After the extremes of cold and hot comes the extreme of water. Mechanical systems work well in water, but don’t have the controllability of hydraulics. Electrical actuation is possible under water, but power density is extremely limited with electric machinery. Hydraulics work well in water because of their inherent water tightness. Keeping water out isn’t much different than keeping oil in, although seals may need to be upgraded if water submersion is deep enough to witness high ambient pressure. Other than a prime mover’s requirement for air, if it’s an internal combustion engine, hydraulics don’t care if they’re surrounded by water or air.
I once worked with a company offering underwater inspection and maintenance services. They had many electric ROVs for inspection work, but had nothing for getting work done. They were developing a hydraulically operated, stainless steel skid-steer robot small enough to fit into a manhole, but was powerful enough to move through and vacuum sludge. It used two small hydraulic motors as drive wheels, and included a hydraulically driven auger and pump. As small as it was, it still weighed over 500 lb, making electric actuation difficult.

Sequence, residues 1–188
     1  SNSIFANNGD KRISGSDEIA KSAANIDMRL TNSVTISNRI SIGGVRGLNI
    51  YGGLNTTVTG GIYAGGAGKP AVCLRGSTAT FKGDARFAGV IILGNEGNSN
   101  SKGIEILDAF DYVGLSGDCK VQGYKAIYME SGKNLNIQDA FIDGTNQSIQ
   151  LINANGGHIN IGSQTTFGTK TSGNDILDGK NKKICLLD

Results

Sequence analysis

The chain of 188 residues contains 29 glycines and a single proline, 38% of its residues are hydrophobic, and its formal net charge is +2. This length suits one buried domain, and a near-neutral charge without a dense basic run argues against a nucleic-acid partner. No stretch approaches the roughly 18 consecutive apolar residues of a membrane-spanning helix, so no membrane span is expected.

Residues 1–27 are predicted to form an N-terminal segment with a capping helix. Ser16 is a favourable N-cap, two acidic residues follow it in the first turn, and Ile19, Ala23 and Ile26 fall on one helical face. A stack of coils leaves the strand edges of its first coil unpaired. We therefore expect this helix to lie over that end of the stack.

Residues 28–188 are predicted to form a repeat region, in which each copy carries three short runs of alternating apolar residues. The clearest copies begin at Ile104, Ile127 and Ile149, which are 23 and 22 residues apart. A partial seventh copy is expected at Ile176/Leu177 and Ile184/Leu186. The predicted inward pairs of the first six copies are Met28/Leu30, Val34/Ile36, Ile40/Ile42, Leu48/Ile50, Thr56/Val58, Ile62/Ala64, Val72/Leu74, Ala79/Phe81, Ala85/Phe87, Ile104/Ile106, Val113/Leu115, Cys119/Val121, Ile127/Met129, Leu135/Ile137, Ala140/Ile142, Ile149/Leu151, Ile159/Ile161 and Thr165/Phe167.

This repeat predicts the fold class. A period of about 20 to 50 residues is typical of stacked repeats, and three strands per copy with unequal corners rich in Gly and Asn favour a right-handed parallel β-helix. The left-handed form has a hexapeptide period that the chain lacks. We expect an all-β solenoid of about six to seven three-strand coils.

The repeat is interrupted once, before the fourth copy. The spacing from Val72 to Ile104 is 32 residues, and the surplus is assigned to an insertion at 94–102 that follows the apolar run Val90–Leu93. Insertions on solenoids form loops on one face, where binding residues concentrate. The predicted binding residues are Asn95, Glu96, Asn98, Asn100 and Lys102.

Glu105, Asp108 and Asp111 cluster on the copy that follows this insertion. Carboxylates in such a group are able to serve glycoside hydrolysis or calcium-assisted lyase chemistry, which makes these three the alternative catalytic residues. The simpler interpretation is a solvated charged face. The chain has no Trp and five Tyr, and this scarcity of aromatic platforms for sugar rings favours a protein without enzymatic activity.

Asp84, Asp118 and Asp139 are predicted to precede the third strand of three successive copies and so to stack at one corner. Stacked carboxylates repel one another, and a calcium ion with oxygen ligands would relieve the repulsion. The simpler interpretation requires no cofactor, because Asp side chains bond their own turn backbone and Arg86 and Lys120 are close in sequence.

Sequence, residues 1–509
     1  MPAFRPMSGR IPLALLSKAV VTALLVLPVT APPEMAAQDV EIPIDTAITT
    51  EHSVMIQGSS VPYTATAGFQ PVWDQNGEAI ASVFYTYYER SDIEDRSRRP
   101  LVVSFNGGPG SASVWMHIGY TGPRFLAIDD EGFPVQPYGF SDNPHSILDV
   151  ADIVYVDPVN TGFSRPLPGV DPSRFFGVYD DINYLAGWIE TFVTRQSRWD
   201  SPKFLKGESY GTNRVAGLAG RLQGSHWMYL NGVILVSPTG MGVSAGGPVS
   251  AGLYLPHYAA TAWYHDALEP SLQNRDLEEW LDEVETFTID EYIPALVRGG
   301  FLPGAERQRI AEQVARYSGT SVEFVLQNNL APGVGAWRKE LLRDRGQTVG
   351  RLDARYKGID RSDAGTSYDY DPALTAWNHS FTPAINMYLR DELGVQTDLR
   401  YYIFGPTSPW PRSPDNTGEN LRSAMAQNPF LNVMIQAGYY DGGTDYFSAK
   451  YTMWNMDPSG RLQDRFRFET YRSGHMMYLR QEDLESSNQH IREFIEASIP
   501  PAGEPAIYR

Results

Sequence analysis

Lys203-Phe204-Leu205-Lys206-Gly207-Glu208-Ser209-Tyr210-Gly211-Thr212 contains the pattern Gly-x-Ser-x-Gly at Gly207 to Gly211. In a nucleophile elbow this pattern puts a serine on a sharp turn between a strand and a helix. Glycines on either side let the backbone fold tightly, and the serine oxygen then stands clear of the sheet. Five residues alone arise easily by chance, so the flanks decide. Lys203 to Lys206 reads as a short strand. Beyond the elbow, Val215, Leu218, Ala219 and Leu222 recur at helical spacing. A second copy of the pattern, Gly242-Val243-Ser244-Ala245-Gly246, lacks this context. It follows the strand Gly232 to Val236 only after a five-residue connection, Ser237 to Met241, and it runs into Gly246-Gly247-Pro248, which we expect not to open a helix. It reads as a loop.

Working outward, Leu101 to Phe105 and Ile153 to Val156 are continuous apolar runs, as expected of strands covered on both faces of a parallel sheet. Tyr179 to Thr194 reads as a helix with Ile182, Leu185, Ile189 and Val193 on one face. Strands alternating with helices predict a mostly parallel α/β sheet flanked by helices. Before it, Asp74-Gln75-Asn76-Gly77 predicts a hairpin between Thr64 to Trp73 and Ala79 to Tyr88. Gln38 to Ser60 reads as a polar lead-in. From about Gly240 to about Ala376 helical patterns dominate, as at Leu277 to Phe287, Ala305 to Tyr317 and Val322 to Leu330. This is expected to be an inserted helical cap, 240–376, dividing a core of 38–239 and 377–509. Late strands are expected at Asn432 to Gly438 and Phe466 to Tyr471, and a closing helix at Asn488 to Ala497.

The robot was controlled electronically, and had a single integrated hydraulic circuit with four proportional directional valves. It was fed by a remote power unit, through a custom 500 ft umbilical incorporating 3/8-in. pressure and tank lines, in addition to all electrical wires. The pump supplied just 1.5 gpm, but because there was a 1000 ft of hose to move fluid through, pressure drop was over 600 psi.
The robot was capable of vacuuming up toxic sludge in up to 100 ft deep water when its water hose was connected. It was essentially impervious to its environment, and had the power density to chew up solids with its auger, something just not possible with electric motors in such a small package.
Only fluid power can operate in such diverse extremes so reliably. Although few hydraulic machines can be pulled from one extreme and plopped into the other, there isn’t an extreme environment on Earth where fluid power isn’t the first choice.